In honor of Gary Lachman's latest publication, The Lost Knowledge of the Imagination, we're reprinting an interview conducted by contributor David Halpin, which was originally published on Occultum.net in 2016.
I can't remember the last time I laughed out loud while reading nonfiction about language and neuroscience. This is not me scoffing at the author and his conclusions. This is me telling you this book has some wit and fluidity to it you don't normally find in books about language and neuroscience.
The acacia tree is an often overlooked symbol that turns up prominently in Masonic imagery but perhaps because it is decorative, as opposed to the centrally placed square and compasses, the acacia has kept its sacred history very much in the background.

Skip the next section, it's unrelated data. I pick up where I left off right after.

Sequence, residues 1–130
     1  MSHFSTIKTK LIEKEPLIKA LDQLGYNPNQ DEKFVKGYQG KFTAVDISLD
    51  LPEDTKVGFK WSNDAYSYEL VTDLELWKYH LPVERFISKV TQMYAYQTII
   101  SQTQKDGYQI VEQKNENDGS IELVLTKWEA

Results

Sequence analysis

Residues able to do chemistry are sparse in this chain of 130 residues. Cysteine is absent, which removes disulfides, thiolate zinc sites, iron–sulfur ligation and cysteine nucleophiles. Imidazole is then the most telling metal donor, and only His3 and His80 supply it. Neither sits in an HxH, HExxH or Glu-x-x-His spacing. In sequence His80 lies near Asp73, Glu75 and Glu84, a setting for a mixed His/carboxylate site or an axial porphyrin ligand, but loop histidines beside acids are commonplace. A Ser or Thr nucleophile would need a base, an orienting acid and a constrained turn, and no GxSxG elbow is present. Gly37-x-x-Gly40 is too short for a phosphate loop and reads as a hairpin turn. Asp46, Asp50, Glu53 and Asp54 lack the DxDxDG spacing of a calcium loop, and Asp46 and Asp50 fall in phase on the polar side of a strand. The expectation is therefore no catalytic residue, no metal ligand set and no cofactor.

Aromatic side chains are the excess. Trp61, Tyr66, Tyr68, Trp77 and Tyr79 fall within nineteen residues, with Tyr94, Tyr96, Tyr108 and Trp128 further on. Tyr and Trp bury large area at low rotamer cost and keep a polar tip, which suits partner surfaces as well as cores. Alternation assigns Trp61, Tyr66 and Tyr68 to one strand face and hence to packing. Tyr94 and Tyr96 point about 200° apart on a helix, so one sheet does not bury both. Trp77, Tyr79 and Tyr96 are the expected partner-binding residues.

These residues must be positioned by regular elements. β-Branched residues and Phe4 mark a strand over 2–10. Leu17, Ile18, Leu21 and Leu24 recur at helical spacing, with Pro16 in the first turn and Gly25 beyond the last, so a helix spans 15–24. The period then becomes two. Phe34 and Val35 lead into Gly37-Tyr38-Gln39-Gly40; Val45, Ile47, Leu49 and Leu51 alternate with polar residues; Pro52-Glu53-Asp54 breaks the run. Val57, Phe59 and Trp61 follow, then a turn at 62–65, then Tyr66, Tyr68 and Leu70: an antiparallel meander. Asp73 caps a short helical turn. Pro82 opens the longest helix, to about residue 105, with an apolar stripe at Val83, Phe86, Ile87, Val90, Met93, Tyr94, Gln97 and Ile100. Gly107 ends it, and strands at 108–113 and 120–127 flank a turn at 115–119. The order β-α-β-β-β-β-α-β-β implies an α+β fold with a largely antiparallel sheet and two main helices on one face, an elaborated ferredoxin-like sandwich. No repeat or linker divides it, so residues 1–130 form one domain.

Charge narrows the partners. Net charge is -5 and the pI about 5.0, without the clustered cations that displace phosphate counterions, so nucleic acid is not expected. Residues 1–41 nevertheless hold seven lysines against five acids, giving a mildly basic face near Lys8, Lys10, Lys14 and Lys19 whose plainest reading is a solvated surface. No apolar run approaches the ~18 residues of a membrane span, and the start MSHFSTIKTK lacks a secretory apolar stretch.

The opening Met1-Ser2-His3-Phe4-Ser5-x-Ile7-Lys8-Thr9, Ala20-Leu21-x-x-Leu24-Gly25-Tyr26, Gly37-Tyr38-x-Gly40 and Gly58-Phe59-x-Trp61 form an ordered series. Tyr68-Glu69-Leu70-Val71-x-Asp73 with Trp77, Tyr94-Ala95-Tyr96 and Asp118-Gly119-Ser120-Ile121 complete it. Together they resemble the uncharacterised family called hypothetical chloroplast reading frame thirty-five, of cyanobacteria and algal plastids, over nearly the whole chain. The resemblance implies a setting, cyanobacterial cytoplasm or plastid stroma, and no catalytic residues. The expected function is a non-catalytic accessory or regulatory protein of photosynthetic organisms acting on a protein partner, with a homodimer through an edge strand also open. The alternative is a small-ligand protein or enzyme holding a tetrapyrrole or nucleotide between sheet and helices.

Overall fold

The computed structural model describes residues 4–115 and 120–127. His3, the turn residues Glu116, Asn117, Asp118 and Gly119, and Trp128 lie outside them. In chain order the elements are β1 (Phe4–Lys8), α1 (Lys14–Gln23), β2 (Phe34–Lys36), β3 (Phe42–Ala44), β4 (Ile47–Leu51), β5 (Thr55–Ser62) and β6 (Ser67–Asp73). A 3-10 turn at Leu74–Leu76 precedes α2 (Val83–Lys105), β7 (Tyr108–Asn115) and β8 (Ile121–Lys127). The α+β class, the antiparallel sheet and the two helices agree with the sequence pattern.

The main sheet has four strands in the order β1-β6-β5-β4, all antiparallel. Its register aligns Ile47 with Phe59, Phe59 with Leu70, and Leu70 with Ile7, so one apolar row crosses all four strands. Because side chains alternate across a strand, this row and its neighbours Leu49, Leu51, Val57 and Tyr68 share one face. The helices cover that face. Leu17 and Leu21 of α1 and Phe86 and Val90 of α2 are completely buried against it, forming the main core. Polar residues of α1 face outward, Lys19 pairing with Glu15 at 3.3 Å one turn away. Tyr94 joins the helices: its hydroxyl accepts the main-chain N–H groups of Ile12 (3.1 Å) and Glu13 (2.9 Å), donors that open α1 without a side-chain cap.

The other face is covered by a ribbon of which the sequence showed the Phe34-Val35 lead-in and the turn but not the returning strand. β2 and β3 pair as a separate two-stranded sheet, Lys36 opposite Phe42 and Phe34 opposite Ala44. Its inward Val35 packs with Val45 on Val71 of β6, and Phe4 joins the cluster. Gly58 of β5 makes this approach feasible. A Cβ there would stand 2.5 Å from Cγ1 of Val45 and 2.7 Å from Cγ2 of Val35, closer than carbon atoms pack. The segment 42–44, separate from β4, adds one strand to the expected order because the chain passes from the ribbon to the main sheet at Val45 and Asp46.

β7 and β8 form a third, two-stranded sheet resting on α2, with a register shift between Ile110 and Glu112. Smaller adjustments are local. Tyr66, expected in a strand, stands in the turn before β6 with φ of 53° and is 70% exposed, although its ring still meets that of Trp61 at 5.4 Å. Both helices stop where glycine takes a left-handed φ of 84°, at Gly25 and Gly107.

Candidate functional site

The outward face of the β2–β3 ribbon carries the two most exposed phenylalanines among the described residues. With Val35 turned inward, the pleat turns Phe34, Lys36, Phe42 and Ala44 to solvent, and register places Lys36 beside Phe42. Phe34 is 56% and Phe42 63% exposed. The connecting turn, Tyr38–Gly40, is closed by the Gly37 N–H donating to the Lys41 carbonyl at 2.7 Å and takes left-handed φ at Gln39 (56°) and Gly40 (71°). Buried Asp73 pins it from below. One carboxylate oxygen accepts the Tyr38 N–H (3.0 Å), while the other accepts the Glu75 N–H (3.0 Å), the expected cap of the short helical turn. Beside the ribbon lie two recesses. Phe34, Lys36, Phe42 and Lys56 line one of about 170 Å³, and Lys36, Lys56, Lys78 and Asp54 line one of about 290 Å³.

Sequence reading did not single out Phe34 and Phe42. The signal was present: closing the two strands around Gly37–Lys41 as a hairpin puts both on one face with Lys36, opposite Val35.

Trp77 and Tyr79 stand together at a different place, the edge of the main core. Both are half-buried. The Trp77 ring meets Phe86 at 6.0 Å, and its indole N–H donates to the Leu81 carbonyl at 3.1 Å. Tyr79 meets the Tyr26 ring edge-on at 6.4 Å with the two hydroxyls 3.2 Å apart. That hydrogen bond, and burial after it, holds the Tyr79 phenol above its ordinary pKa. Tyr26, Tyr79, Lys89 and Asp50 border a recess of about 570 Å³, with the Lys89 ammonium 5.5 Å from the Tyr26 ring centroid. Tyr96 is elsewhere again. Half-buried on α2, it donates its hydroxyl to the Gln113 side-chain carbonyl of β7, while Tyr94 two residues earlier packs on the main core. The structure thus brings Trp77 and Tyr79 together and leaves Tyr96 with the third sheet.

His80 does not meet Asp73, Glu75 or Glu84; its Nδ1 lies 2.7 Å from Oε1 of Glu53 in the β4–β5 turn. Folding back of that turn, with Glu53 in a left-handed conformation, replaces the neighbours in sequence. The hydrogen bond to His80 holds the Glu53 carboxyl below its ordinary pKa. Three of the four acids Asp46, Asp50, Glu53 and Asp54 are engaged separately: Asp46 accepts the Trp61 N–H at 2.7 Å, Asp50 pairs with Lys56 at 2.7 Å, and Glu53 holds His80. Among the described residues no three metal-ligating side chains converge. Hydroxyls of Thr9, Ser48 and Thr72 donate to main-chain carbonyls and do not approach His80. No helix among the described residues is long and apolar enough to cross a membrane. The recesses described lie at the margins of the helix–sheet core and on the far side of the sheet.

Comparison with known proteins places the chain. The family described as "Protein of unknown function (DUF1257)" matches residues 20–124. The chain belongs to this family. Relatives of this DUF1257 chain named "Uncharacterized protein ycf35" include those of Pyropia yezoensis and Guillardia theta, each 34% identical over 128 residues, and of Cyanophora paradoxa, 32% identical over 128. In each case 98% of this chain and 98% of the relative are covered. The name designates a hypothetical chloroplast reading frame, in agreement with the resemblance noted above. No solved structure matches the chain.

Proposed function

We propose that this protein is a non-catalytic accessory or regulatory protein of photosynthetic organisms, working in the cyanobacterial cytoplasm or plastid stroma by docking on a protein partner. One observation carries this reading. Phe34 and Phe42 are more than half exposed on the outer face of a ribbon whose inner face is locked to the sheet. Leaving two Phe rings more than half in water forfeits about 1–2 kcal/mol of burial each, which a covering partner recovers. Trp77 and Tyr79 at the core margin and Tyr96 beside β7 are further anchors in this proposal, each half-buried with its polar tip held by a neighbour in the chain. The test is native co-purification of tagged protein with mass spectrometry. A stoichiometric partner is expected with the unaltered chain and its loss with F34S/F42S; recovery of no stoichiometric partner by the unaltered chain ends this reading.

If you follow popular culture or are privy to any sort of conspiracy theories, the Freemasons are a controversial and often demonized group linked to all sorts of nefariousness. Personally, I have to ask why?
Sprague is a natural storyteller, as his playwriting and screenwriting success suggests. But thisis him flexing his journalistic muscle, examining all of the areas that make his native theatre such a compelling artform: subject and style, setting and psyche.